The book will include: Birth of the Nickel
Time for a Change
In 1938 the Mint changed the 25-year old design of the buffalo nickel without an act of Congress (the Act of September 25, 1890 required that a series to be at least 25 years old before making a change). The mint conducted an open design contest with a $1,000 prize. Three hundred ninety entries were submitted. The winning design by, Felix Schlag, was chosen on April 24, 1938. The bust of Jefferson in the Boston Art Museum, sculpted by Jean-Antoine Houdon, is similar to the winning design. The Mint was not required to keep the non-winning designs nor return them to the artist, therefore they were destroyed.
Walter Breen’s Complete Encyclopedia of U.S. and Colonial Coins changes the listing numbers with every die change. If only the date or mintmark are changed, the photograph would be the same as the next or last one. When there is a change in the die varitiy the photo is included. The errors listed in Breen’s book are in the error section. Proofs (Pr) and business strikes (B) have the same Breen number.
Matte and Satin Finish Coins
The Mint honored the 250th anniversary of Jefferson’s birth by marketing the Thomas Jefferson 1993 coin and currency sets. This was the only way to get the “Special Uncirculated or Matte Proof” coin. In 1997, the Mint had a matte finish nickel in the Botanic Garden set. With only 167,703 (1994) and 25,000 (1997) sets minted, the Matte finish nickel instantly became a rare coin. The 1994 and 1997 Matte finish nickels were minted with sand blasted dies to create a frosted (Matte) look that matched our uncirculated commemorative coin finish.
In 2005, the Mint implemented this finish (sand blasted dies) to the annual uncirculated set. This was to standardize the uncirculated finish across all product lines. The mint discontinued this finish on the annual sets in 2010. The main difference betweem the 1994-1997 and the 2005-2010 nickels is that the former was minted on a proof press and handled like proof coins (one at a time). The uncirculated set nickels were minted on an uncirculated press and handled by conveyors and packaged by robotic systems. Visually, the 1994-1997 coins will have fewer blemishes and nicks due to the handling and packaging. The terms Matte finish and Satin finish are the same finish. Notice the field difference between the 2006 P grainy matte finish and the 2006 S proof smooth finish below. (Michael White, US Mint)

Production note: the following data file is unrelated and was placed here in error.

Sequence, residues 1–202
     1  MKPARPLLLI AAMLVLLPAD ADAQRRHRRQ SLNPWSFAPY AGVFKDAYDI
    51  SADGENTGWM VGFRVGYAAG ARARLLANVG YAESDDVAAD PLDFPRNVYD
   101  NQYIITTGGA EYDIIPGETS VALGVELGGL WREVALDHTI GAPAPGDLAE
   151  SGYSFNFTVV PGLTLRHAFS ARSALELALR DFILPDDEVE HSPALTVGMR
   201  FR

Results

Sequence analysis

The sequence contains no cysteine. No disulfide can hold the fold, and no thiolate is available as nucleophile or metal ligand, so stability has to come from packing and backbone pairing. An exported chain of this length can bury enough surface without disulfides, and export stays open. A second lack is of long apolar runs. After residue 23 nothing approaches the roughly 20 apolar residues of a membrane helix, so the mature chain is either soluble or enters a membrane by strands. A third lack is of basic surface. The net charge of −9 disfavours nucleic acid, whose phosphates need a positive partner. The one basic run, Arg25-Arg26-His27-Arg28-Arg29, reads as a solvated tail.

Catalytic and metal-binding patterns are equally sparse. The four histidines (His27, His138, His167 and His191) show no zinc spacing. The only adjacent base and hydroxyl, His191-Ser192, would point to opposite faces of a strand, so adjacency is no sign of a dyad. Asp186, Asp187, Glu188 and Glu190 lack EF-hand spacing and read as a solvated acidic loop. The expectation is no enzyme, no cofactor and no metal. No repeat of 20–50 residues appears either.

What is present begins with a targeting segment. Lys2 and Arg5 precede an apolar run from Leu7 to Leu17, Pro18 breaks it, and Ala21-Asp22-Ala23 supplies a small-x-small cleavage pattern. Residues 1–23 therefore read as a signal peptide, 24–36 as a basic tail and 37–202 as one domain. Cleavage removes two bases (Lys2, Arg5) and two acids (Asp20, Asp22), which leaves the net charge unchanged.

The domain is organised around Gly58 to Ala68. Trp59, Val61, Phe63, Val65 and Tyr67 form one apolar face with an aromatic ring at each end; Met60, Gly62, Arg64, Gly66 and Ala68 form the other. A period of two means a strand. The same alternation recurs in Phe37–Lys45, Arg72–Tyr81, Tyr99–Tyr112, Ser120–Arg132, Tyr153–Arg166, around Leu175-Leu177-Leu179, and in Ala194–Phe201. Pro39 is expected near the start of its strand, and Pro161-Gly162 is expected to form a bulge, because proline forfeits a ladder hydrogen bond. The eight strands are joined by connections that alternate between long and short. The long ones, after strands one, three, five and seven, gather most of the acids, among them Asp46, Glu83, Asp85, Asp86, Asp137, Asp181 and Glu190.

Die varieties are any varition from the original engraver’s die design. Some of the varieties include; doubled, tripled, and quardrupled dies; repunched mintmarks (RPMs), with the same letter an over mintmark (OMM) or a different letter (D over D, S over S, S over D, or D over S). These varieties will continue until the die is retired from service.
An “error” happens in the planchet or striking process and is NOT duplicated. Coins that are double struck or have incomplete planchets are two examples of errors. The error may look similar but is not exactly the same as any other. The errors shown here are all on nickels but are not unique to them and may be found on any denomination.
Miscellaneous Other Coins
This section includes toned and cameo nickels
This section will show some of the methods men use to try make the coin more valuable